January 6, 2015
In Czech Republic, the top racist hater is a Japanese guy, for some reason.
In the Czech Republic, the face of xenophobic demagoguery is a rather curious one. It belongs to Tomio Okamura, a Tokyo-born entrepreneur turned far-right politician. Okamura’s Dawn of Direct Democracy exploded onto the scene in 2013, winning 14 seats in the country’s 200-seat Chamber of Deputies; last January, one poll suggested that Okamura was the third-most popular politician in the Czech Republic.
Okamura’s prospects have dimmed since then — undermined by graft allegations and apprehension over his leadership style — but his fiery rhetoric has not.
This week, he garnered headlines for a controversial, anti-Muslim Facebook post where he urged Czechs to safeguard the country’s “democratic way of life and to protect the heritage of our ancestors before Islam.” The lengthy post was premised on the assumption that, when it comes to immigrant Muslims at least, Czech “hospitality has its limits” and that it was incumbent on Czech citizens to “remind” Muslims that they can leave the country.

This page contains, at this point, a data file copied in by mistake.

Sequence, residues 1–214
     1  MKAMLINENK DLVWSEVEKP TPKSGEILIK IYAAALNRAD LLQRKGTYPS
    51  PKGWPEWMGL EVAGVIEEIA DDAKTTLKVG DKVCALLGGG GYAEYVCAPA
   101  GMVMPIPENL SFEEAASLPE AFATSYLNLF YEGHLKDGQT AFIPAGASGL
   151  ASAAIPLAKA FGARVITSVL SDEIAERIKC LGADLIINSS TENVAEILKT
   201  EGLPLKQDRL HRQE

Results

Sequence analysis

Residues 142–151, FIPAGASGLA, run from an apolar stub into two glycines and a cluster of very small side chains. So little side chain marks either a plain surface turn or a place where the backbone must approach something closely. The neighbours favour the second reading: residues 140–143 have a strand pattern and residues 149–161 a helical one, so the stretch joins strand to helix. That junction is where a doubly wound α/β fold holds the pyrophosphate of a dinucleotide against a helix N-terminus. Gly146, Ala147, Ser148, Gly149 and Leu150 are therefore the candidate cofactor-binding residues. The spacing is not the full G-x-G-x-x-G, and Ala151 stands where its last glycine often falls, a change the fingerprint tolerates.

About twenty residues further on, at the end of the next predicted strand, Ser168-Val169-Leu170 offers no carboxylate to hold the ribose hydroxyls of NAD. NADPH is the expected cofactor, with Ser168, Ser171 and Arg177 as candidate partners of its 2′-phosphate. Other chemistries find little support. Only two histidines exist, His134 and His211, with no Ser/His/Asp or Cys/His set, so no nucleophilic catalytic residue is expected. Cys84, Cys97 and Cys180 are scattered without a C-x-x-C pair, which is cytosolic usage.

As part of his recommendations, Okamura, 42, suggested that Czechs “breed dogs and piglets as pets and walk them near their neighborhoods and mosques.” He also complained about the “naive multiculturalism” that allows the prevalence of Islamic practices, such as the ritual slaughter of animals to produce halal meat.
“Each kebab we buy is funding for another burqa,” Okamura wrote. He went on: “Keep in mind the fundamental truth that they have no tolerance for us and they are here as guests. So I have no moral obligation to be tolerant and generous to them.”
This is definitely weird. But typical for the Czech, who don’t tend to tolerate anything that isn’t a bit weird.